Choose Not to Be an Island

Barbara | February 12, 2017 in Uncategorized | Comments (0)


One More Year of Choices…

By Barbara Dahlgren

The phrase “no man is an island” was first written in 1624 by the famous Elizabethan poet, minister, and scholar John Donne in his Devotions – Meditation XVII. The poem is quite dated by today’s standards, but it inspired a song with lyrics that ring true for all generations.

No man is an island

No man stands alone

Each man’s joy is joy to me

Each man’s grief is my own

It goes on to say that all men are our brothers and we need one another. And although I should welcome this lofty concept, sometimes I just want to be a hermit and get away from everyone. Some are energized by the company of others; I am fatigued.

Visions of being alone on a tropical island enter my mind. My island would never get above 75 degrees, since I don’t like hot weather. (If I’m having a vision, might as well have one tailor made for me.) Not having to deal with the quirks of fickle people is appealing. Of course, in all honesty, to be truly happy on the island I would need TV, Internet, and a cell phone. I don’t need the cell phone to call people, but I have my photos, games, and music to consider. I might need room service, but then that would involve other people. Life gets so complicated.

But here’s the deal… God is more about community than isolation. He models this in the Trinitarian relationship with the Father, Son, and Holy Spirit. It is further exemplified in the grace filled gesture of making salvation available for all mankind so we, too, can enter into that relationship.

To me, the true meaning of “no man is an island” is that whether I like it or not, we are all interconnected. We are interconnected with God and with each other. This is more than just a physical connection. It’s a spiritual one. God loves us. God loves others. God wants us to love Him. God wants us to love others. (Matthew 22:38-39) God wants us to love one another. (John 15:12)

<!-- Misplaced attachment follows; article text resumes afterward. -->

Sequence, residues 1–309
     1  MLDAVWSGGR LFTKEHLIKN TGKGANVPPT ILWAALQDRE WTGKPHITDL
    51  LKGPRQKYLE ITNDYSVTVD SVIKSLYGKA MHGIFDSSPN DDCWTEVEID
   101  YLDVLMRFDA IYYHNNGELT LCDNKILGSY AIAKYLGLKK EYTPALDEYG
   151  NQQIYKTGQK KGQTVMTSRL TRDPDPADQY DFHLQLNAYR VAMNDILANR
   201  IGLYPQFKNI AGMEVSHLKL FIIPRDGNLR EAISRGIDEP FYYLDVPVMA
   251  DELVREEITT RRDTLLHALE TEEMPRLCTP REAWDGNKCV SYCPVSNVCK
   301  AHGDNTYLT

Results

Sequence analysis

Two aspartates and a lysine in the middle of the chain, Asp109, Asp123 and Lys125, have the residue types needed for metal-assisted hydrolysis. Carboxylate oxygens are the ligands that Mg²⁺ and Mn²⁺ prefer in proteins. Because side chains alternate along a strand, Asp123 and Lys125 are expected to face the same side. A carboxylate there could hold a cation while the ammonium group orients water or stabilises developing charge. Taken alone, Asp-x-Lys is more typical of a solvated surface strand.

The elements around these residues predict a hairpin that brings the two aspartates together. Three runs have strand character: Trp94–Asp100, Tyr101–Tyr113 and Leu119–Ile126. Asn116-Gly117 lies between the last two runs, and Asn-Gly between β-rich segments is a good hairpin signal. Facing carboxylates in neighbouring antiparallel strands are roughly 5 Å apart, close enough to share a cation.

God makes it clear that we have responsibilities towards one another. Just search for the phrase “one another” in the Bible and see what pops up. Here are a few examples…

  • …serve one another in love. (Galatians 5:13)
  • …be devoted to one another in brotherly love. (Romans 12:10)
  • …honor one another. (Romans 12:10)
  • …accept one another. (Romans 15:7)
  • …admonish one another. (Romans 15:14)
  • …greet one another. (Romans 16:16)
  • …bear one another’s burdens. (Galatians 6:2)
  • …bear with one another in love. (Ephesians 4:2)
  • …submit to one another out of reverence to Christ. (Ephesians 5:21)
  • …encourage one another. (1 Thessalonians 5:11)
  • …pray for one another. (James 5:16)
  • …love one another. (John 13:34-35)

Consider this… These scriptures would be hard to fulfill in total isolation. You see, true Christianity is about our relationship with God and our relationship with “one another.”

So as I return from daydreaming about my fictitious island, I realize “no man is an island,” nor should he want to be one.

Suggestions for practicing this choice…

  • Find ways to connect with others at work, school, church, etc. Ask them questions and be interested in what they have to say.
  • Force yourself to smile at others.
  • Pray for those you come in contact with. You don’t have to know others really well to pray for them.
  • Ask God to help you be interested in other people.
  • Be patient with others and pray that they will be patient with you.

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